What if the Person who hit me was DWI, on Drugs, or Left the Scene?
If the police report or witnesses indicate that the driver of the vehicle that hit you was under the influence of alcohol or drugs or left the scene, then you also may be entitled to punitive damages. It is difficult to determine the extent of these damages but they may be substantial. In order to properly evaluate these damages it is recommended that you consult an attorney for his or her opinion as to how much this will increase the value of your claim.
What if my Damages Exceed the Amount of the Insurance of the Person at Fault?
Many drivers carry minimum liability insurance and your claim may exceed the value of these limits. When this occurs the negligent driver’s insurance company may offer to settle your case for the amount of the available insurance. This offer should not be accepted until a thorough investigation is completed. Often times, other insurance can supplement your recovery. We have found many creative ways to help our clients in circumstances where it appeared that the coverage was insufficient.
How is My Insurance Involved?
You may have a right to pursue a claim with your own automobile insurance company for all or part of your damages. Your rights in this regard are dependent on what coverage you had in effect at the time of the accident. After an accident you should look at a copy of the insurance policy in effect at the time of the accident which covered you and/or the car you were in at the time of the collision in order to determine what rights you have with regard to any of this insurance. Depending on this coverage you may have the ability to recover all or a portion of any damages to your vehicle, your medical expenses, your lost wages and other damages.
If you had collision coverage in effect, you will be able to recover from your insurance company for the damage to your vehicle less your deductible. This is true even if the accident was your fault. If the accident was not your fault you can still make a claim under your collision coverage. In such a case your insurance company will then have the right to pursue the responsible driver or his or her insurance carrier for these damages.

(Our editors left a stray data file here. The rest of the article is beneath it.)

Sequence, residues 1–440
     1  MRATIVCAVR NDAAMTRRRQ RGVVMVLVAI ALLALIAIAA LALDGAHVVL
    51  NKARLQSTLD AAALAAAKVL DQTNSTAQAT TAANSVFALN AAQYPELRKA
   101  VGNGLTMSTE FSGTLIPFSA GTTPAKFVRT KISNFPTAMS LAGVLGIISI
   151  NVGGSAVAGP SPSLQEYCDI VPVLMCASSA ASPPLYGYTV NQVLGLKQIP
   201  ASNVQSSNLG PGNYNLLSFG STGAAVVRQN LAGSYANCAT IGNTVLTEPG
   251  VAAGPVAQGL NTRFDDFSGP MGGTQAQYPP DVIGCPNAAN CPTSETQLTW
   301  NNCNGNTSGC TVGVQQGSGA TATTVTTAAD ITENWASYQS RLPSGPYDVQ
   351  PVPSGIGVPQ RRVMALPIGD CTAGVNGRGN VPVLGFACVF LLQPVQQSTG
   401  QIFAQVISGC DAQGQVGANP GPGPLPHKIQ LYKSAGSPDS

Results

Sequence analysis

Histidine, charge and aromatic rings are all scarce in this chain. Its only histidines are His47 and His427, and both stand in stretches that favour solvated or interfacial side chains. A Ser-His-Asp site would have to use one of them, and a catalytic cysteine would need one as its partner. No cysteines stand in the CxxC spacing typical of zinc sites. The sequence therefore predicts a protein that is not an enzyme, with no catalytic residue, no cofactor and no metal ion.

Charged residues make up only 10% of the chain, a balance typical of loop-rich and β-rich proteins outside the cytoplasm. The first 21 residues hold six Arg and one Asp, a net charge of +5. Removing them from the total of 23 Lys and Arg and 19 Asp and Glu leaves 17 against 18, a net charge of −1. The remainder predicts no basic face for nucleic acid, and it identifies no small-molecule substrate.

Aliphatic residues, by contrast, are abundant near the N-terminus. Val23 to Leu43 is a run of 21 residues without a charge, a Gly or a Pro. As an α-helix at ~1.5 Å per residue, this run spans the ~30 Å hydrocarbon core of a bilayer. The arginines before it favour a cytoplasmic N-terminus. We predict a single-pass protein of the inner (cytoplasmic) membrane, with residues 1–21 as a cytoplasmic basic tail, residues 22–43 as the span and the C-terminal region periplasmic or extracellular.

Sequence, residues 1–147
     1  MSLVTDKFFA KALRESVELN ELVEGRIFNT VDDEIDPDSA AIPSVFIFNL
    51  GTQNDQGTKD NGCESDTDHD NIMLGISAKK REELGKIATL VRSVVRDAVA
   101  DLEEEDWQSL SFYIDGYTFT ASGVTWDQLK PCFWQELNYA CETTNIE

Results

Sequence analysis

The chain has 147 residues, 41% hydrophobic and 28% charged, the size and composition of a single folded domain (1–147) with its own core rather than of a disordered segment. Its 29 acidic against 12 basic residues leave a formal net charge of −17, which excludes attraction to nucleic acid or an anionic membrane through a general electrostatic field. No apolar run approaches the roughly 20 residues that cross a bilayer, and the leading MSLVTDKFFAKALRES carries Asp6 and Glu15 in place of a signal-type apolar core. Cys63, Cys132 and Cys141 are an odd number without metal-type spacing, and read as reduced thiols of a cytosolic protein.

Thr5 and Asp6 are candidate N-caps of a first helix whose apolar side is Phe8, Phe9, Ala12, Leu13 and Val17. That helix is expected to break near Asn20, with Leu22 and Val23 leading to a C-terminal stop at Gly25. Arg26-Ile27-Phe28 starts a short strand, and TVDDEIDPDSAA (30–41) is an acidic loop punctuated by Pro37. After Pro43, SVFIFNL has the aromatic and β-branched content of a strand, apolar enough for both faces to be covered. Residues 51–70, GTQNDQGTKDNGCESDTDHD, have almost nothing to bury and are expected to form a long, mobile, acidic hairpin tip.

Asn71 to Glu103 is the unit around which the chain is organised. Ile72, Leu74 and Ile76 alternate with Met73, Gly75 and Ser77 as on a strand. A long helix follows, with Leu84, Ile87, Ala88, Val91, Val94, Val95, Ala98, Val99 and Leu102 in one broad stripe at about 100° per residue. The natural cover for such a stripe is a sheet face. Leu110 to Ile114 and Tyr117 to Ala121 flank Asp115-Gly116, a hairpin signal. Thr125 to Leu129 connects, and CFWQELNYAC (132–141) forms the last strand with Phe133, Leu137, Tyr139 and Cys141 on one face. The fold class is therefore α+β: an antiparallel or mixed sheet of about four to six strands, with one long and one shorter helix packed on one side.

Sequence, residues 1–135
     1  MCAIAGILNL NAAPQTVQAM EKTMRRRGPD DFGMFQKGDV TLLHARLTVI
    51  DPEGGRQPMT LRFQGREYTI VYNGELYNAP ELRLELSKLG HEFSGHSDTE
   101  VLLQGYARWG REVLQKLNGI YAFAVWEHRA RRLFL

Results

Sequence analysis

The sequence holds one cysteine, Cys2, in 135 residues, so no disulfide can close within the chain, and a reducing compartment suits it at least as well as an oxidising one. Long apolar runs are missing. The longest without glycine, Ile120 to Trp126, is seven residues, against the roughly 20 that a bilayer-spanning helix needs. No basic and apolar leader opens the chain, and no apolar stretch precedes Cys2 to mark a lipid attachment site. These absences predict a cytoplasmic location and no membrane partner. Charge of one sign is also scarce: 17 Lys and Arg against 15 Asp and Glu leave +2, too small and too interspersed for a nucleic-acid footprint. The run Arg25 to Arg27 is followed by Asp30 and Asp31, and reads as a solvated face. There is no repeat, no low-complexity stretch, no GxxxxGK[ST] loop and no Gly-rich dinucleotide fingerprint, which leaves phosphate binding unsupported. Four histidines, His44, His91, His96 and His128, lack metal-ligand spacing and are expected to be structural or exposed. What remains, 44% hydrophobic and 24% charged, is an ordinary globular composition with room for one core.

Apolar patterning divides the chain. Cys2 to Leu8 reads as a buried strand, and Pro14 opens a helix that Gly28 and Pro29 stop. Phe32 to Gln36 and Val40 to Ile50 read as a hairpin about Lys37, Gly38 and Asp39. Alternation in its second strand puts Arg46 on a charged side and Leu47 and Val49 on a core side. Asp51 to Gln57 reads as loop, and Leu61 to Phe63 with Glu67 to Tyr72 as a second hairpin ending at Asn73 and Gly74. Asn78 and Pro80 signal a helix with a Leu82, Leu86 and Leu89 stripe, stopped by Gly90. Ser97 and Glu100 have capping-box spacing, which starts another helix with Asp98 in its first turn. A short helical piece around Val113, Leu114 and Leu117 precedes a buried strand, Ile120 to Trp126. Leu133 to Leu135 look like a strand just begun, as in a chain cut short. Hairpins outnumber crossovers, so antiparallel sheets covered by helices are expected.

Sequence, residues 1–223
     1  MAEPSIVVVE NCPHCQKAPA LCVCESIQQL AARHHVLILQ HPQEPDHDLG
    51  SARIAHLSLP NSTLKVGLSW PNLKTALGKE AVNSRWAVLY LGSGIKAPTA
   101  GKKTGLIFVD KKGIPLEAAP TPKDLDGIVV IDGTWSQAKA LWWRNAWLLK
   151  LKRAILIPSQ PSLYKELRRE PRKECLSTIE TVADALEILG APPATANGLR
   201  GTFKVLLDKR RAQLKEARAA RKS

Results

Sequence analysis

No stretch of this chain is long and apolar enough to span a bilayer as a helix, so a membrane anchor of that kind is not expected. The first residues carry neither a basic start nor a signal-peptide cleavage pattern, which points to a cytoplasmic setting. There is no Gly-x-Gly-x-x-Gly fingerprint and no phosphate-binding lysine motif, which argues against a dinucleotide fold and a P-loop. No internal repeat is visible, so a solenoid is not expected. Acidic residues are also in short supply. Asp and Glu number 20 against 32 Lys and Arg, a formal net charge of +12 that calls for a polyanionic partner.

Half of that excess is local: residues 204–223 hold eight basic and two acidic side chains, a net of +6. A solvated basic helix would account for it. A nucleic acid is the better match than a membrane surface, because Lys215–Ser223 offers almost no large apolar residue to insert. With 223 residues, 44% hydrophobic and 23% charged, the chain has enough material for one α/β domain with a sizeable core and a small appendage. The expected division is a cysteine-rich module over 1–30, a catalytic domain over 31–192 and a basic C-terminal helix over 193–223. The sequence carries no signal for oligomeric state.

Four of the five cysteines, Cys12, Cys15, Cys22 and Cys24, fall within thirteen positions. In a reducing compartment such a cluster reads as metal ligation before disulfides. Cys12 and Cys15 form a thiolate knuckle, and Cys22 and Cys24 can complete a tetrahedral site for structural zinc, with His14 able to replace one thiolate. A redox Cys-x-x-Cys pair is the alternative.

If your policy includes Personal Injury Protection (PIP) or Medical Payments coverage you will also be able to make a claim for medical expenses related to the treatment of injuries you received in the accident up to the limits of this coverage. If you have Personal Injury Protection coverage you may be able to recover 80% of your lost wages related to this accident provided that the combination of the medical expenses and 80% of lost wages submitted under your PIP coverage does not exceed the limits of your PIP coverage.
What is UIM and PIP Coverage on my Car Insurance and Should I Pay for the Coverage?
If youâ€™re hurt in an auto accident, no matter who is at fault and no matter what vehicle you are in, your personal injury protection insurance (PIP) will pay your medical bills, expenses and up to 80% of your lost income up to the limits of your PIP coverage. Uninsured or under-insured motorist (UIM) coverage helps compensate you in the situation where the negligent driver had no insurance or insufficient insurance to cover you claim. In the case of an underinsured driver your UIM coverage will make up the difference between a negligent driverâ€™s insurance policy limits and the total damages you suffered from your injuries, depending on the amount of your damages and the amount of your coverage. UIM coverage is important because the emergency room bill alone could easily be many times higher than the minimum coverage Texas drivers are required to carry. When buying car insurance, it is highly recommended to purchase this coverage. You may never need it, but if you do, it could make the difference in keeping your family afloat while youâ€™re down. For more information, order our free guide to buying car insurance in Texas
What’s the Difference between PIP and Med-Pay Coverage?
There are two significant differences between Personal Injury Protection (PIP) and Med-Pay. PIP will cover 80% of any lost wages while Med-Pay only covers medical bills. Also, PIP payments do not have to be paid back to your insurance company if you make a recovery from the negligent third party. However, with Med-Pay, if you obtain a settlement from the liable party your insurance company may seek reimbursement out of your settlement for any payments they made under your Med-Pay coverage. PIP is recommended over Med-Pay.
If you were involved in an accident in Texas, we’ll be happy to mail it to you (together with a host of other free stuff.) You can either email us, call us at (512) 343-2572, or request one of our free accident reports.